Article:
Whenever I given a presentation during a book signing and opened it up to questions, this is typically among one of the questions asked each time: how do I write? Or, probably more succinctly, what have I found as the most productive way to do it.
I always say that every writer is different and what works for me may not work for you.
However, in putting together three thrillers and working on a fourth now (finally), this while continuing to work a full-time job as a public relations consultant, just some observations on what I've learned through the experience.
Devoting A Block of Time: Since I don't have the opportunity to work on my books every day (which would be my preference, I pick a day or two each week and block out four-to-five hours to devote solely to whatever writing project is under way. I turn off the email, silence the phone and just work steady -- with a goal to produce at least one chapter during that time. If not, so be it.
Also, I pick a block of time in the early morning so I'm done before noon -- since I've found I'm fresher in the morning...unless the previous night was a 'party night' (then, maybe I move my block to another day).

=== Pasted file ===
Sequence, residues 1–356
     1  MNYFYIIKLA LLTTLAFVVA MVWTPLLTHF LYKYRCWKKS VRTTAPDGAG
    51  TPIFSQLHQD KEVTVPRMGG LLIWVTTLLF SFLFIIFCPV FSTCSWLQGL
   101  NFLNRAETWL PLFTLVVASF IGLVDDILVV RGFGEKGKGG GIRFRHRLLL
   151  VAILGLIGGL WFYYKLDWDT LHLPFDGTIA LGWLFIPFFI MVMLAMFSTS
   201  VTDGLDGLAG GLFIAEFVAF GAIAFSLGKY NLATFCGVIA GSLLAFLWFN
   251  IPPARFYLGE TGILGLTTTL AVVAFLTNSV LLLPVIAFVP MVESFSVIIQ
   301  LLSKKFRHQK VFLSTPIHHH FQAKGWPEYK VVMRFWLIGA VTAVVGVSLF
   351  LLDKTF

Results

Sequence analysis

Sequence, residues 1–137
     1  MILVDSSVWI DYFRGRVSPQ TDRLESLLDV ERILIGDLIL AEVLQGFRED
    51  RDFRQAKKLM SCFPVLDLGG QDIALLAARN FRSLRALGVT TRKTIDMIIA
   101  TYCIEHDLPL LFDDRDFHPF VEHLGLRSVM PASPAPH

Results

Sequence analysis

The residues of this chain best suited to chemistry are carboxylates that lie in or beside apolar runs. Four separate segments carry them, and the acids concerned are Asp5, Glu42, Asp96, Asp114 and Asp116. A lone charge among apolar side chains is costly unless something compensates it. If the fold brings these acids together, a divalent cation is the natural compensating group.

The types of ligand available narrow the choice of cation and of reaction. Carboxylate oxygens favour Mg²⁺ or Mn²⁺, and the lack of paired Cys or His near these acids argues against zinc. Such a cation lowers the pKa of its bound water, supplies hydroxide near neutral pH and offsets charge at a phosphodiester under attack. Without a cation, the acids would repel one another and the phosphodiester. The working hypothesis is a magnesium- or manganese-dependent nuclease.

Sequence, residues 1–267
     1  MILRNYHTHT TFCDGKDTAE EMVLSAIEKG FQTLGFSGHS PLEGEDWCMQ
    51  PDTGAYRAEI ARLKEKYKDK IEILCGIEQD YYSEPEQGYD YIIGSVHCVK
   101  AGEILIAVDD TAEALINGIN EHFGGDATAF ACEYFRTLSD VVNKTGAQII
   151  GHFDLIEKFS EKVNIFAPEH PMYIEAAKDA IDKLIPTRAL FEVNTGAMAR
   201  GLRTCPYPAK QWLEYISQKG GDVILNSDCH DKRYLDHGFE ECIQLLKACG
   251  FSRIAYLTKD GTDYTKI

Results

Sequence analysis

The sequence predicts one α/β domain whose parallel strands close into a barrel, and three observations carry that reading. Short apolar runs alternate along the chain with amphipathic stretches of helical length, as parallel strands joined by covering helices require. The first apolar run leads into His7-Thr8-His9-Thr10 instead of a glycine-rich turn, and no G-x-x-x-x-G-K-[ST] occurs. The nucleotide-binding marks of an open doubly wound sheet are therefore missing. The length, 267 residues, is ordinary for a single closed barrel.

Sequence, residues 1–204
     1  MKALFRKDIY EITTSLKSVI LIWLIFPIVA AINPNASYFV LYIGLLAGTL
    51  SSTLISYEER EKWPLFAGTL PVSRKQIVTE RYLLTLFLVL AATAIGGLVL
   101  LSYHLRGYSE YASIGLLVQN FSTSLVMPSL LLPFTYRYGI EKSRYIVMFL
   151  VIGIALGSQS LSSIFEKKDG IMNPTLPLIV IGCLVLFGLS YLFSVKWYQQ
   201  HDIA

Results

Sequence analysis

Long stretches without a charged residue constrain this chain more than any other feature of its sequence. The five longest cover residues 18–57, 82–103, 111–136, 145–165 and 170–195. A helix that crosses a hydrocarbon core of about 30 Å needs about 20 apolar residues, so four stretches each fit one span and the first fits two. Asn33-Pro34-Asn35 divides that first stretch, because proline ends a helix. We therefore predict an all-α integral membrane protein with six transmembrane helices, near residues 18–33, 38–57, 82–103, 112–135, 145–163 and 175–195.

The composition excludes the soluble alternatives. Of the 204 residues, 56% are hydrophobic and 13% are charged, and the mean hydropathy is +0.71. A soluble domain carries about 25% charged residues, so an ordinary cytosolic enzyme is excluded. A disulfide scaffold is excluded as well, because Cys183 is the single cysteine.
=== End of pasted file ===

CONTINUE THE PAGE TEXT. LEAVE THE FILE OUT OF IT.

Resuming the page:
Researching as I Write: In writing my first thriller, Second Strike, I did not do this: I instead followed my chapter outline to get to the end of the book, then did research on the second edit. Big mistake. The research took me in several other, better directions -- and totally screwed up the linear aspect of the first draft. Thus, it took me twice as long to write the book when incorporating those changes. From then on, I stopped when research was required and did it right then and there when it came up in the progression of the novel. It also made the second edit much easier, allowing me to focus on grammar, pacing, continuity and character development before moving on to the third, fourth or fifth edits (if needed).
There are more tips I'll share later, and hopefully they'll help you in your writing experience, but these have helped me quite a bit in becoming more productive with my storytelling.